Anti-Trafficking Bill: Survivors come face-to-face with lawmakers

Hopeful survivors of human-trafficking came together, at the national capital from all over the country to showcase their resounding commitment for early passage of the anti-human trafficking Bill, which got introduced in the parliament on July 18.

Prayas Juvenile Aid Centre (JAC) Society, on July 19, held a national consultation on Human Trafficking with the Members of Parliament and survivors of human trafficking. The survivors, hailing from different parts of the country, deliberated with the MPs, civil society organisations for an early passage of the Trafficking of Persons (Prevention, Protection and Rehabilitation) Bill, 2018 in this Monsoon Session of the Parliament.

Shatrughan Sinha, MP, Lok Sabha; Manoj Tiwari, MP, Lok Sabha and Kothapalli Geetha, MP, Lok Sabha attended the consultation and extended their strong support for the early passage of the Bill. Eleven survivors hailing from eleven states of India shared their experiences of human trafficking, ranging from sexual exploitation, bonded labour, forced marriage, organ trade and other forms of trafficking.

In his address, Amod K Kanth, Founder General Secretary, Prayas, said, “Today, as we recount stories of despair, we also wish to make a strong statement of courage! We stand with our leaders and extend the responsibility of bringing forth a strong anti-trafficking legislation to protect, rehabilitate survivors of human-trafficking and ensure prevention for one’s vulnerable to this crime to them! We strongly support the long overdue Bill as it takes care of all the concerns.”

Manoj Tiwari, MP, Lok Sabha said: “At times we don’t go into details of the bills introduced, but having heard the stories from the survivors, I will definitely support the Bill and put forward the arguments in the support. Your voice has inspired me to fight with these social evils with more energy and valiant. I assure you all that I will be with in this fight always.”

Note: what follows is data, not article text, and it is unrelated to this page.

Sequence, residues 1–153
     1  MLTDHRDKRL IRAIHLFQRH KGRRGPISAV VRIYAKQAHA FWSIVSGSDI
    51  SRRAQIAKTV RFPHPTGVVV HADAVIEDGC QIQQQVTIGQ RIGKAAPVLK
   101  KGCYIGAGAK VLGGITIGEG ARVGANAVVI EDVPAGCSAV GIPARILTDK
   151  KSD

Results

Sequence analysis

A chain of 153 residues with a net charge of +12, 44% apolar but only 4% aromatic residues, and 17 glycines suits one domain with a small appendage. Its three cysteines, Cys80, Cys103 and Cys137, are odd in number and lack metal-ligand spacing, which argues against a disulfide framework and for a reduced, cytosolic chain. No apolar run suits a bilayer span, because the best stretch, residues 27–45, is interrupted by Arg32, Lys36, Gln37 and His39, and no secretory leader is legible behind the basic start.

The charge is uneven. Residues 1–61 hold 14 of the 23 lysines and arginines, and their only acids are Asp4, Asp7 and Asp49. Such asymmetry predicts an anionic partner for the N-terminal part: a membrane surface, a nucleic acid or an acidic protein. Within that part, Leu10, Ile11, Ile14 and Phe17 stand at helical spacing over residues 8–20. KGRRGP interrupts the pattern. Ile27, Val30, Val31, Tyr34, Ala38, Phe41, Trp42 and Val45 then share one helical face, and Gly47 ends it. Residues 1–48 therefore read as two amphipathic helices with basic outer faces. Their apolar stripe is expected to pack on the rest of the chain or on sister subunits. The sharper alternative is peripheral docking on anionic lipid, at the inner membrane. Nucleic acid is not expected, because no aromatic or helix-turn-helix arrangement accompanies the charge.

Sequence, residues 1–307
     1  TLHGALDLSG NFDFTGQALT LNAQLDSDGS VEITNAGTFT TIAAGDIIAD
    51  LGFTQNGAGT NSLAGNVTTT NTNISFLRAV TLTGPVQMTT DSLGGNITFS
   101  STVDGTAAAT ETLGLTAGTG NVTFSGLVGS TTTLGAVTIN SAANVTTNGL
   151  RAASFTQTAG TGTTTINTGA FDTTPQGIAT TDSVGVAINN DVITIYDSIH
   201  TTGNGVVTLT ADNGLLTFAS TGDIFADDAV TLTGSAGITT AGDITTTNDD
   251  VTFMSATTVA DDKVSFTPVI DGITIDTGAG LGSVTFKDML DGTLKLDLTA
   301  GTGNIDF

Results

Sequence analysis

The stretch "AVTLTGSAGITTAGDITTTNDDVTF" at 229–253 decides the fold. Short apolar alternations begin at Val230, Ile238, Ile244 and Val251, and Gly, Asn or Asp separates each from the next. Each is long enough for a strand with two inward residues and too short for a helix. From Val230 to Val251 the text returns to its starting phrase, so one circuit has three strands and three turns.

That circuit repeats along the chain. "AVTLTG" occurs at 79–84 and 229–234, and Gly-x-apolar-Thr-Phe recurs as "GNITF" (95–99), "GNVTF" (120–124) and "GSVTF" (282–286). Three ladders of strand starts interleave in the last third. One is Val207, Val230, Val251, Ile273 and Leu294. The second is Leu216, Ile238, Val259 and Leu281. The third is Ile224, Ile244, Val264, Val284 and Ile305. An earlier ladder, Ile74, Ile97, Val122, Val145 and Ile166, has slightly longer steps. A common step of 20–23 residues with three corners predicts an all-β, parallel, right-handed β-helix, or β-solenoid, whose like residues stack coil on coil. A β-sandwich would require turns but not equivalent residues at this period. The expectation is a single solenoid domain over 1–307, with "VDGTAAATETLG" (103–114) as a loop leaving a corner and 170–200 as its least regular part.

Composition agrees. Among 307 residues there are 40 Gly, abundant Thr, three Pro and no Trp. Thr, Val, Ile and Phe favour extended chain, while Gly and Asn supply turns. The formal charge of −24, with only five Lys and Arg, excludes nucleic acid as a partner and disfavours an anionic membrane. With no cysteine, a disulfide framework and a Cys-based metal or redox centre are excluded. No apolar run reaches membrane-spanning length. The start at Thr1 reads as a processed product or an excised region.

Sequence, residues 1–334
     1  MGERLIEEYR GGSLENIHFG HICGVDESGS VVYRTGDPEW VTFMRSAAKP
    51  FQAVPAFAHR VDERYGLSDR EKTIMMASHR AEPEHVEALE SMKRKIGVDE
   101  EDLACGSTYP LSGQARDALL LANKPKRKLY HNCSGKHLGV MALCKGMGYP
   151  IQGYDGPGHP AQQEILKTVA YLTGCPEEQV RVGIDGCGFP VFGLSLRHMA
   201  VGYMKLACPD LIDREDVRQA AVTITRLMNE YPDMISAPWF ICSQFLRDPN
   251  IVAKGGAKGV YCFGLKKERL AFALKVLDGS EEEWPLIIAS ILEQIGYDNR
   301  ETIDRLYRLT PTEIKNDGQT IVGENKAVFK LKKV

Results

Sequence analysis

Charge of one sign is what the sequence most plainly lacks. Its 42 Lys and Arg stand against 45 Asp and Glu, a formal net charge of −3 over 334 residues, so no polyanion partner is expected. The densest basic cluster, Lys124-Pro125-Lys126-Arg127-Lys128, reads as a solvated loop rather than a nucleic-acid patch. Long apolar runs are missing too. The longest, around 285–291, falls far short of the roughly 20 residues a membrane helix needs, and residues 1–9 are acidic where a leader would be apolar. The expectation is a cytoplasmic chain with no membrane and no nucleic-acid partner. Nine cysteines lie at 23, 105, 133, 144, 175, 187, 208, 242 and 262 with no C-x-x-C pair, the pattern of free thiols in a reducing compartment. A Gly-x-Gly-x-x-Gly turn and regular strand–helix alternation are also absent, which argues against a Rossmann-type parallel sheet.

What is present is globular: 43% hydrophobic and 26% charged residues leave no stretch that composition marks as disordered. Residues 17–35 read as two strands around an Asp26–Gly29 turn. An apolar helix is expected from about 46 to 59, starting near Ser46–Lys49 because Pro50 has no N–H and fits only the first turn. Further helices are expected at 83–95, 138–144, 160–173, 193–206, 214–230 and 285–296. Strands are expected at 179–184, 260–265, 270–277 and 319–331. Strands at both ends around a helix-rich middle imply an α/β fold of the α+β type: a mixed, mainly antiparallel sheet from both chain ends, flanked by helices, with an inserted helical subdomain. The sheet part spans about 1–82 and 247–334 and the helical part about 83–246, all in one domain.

Kothapalli Geeta, MP, Lok Sabha said: “This subject is very close to my heart, because I am a woman and I believe every woman in Parliament will support this bill and this bill will be passed at the earliest.”

Shatrughan Sinha, MP, Lok Sabha said: “Survivors have narrated a horrific tale and the delayed justice is something we should worry about. One survivor talked about being trafficked to Mumbai from West Bengal and when she approached police, Mumbai police asked her to file a FIR at home station and home station asked her to report in Mumbai. It’s sad that this reality still exists. But the new bill has a provision for Inter-state Investigation and a National Anti-Trafficking Bureau, which will solve the problem. Yeh bill der se aaya hai lekin durust aaya (Though a little late, but it’s very good that this bill has been introduced) and I am hopeful that it gets passed in the monsoon session. After hearing the shocking stories of the survivors today I feel more committed to strongly support this Bill whenever it comes up for discussion.”

Human-Trafficking in the worst violation of human rights and the third largest organised crime after drugs and the arms trade across the globe. Men and women including children continue to be vulnerable to human trafficking for domestic work, forced labour, forced marriage and sexual slavery. The problem of trafficking is particularly prevalent in India since it is a source, destination and transit country for victims of trafficking.

The existing law around trafficking, Immoral Traffic (Prevention) Act, 1956 is centred around solely sexual exploitation and has been mostly used to persecute sex workers instead of the actual perpetrators by allowing for their arbitrary arrest and penalisation.

The new proposed legislation, Trafficking of Persons Bill (Prevention, Protection and Rehabilitation) 2018 on the other hand, covers all aspects of human trafficking- including aggravated forms of trafficking like forced labour, begging, administering chemical substances and hormones for early sexual maturity, forced marriage, etc. It provides for prosecution of promoting or facilitating trafficking of a person which includes producing, printing, issuing or distributing unissued, tampered or fake certificates, registration or stickers as proof of compliance with Government requirements; or commits fraud for procuring or facilitating the acquisition of clearances and necessary documents from Government agencies.

The Bill provides for designated Courts for fast-tracking trials and timely repatriation of foreign victims – within a period of one year from taking into cognizance, which is a highly commendable move as there are many cases of trafficking from across neighbouring countries such as Nepal and Srilanka. Another novel aspect of the Bill, is its provision for seizing property of the traffickers (even in international locations) considering the global nature of the crime. A dedicated mechanism is proposed to be created under this law at each of the District, State and Central levels to implement the Bill in its entirety.